The United Nations Children’s Fund is a United Nations agency responsible for providing humanitarian and developmental aid to children around the world. It was established in 1946 as the United Nations International Children’s Emergency Fund (UNICEF) by the U.N. General Assembly to provide immediate hunger relief and healthcare to children and mothers in countries devastated by World War II. In 1950, UNICEF’s mandate was extended to address the long-term needs of children and women in developing countries, and in 1953 it became a permanent part of the United Nations System.
In 1989, the UN General Assembly passed the “Convention on the Rights of Children” (UNCRC) which is a human rights treaty setting out the civil, political, economic, social, health and cultural rights of children. The Convention defines a child as any human being under the age of eighteen, unless the age of majority is attained earlier under national legislation.
On the 50th anniversary of UNICEF in 1997, many countries minted commemorative coins to mark the auspicious occasion.
Thailand aimed to mint the Silver 200 Baht and the Gold 2000 Baht coins. But due to a lack of capacity to mint the coins here, the Royal Thai Mint commissioned the Royal Norwegian Mint to produce the coins on their behalf.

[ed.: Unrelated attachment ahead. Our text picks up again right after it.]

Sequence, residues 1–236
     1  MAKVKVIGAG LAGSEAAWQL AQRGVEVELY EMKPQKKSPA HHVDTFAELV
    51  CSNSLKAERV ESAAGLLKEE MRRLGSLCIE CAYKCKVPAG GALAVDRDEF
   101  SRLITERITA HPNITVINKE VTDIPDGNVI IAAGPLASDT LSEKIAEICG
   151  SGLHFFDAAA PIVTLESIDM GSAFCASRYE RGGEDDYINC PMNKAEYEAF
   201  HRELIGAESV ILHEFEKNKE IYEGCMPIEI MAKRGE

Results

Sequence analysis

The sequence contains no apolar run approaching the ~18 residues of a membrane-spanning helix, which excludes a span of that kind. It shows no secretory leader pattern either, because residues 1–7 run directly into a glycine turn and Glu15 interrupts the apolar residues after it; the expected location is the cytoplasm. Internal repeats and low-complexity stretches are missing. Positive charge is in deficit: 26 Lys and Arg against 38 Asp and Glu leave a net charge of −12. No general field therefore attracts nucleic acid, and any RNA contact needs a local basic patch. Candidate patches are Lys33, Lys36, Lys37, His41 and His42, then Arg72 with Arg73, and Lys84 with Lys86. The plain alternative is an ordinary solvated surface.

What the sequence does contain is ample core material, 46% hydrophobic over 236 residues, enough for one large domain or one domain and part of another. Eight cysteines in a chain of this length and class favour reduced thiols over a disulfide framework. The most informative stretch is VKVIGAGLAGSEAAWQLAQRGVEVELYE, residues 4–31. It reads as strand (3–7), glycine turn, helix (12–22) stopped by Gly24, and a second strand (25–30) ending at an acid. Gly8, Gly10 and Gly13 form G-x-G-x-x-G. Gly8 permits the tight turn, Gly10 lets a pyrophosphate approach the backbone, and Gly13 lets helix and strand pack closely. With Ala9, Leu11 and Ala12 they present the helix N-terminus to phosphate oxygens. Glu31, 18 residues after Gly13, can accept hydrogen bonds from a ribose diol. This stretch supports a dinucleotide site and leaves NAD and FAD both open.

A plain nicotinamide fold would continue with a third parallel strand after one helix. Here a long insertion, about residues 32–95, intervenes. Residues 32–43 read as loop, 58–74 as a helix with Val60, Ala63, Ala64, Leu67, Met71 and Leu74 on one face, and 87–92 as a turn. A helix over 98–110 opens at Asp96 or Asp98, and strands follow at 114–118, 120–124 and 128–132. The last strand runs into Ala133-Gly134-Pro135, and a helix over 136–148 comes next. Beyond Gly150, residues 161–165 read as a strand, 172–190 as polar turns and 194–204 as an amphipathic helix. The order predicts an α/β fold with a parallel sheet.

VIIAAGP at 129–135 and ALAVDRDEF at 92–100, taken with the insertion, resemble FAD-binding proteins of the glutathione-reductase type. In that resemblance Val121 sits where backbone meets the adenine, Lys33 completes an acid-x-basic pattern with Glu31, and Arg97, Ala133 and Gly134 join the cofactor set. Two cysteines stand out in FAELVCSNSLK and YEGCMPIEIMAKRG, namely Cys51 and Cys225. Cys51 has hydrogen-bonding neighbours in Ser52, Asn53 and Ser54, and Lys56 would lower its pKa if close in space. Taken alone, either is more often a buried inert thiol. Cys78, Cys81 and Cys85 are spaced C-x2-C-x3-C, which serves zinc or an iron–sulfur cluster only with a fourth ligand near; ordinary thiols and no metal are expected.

The original plan was to produce two types and denominations of the coins. The first was for 10,000 gold coins with a portrait of the late King Bhumibol Adulyadej, Rama IX on the obverse. The reverse would depict an image of a studious girl from a bygone Siamese era.
The second type was for 25,000 silver coins. The obverse would depict a portrait of the late king Bhumibol Adulyadej, Rama IX and the reverse would show children playing a traditional Thai game called “Mark Keb”.
Unfortunately, in 1997 the Asian financial crises gripped East Asia and South East Asia. Thailand was no exception. In May of 1997 the Thai Baht was hit by massive speculative attacks. In January 1998, the Thai Baht which had an exchange value of 25 to the US Dollar tumbled alarmingly down to 56 Baht to the US Dollar.
The economic situation was rather gloomy, which also sent the coin market into doldrums. Because these special UNICEF coins were produced only on order, only 2123 pieces of the 200 Baht Silver Coins and 1290 pieces of the 2000 Baht Gold coins were produced and sold.
This was one of the lowest numbers of Thai coins ever sold.
But the numismatic world is unique, and as fate may have it, those who bought the UNICEF coins back in 1998 can cherish in the fact that their investment is now worth 3-5 times more than what they paid for them.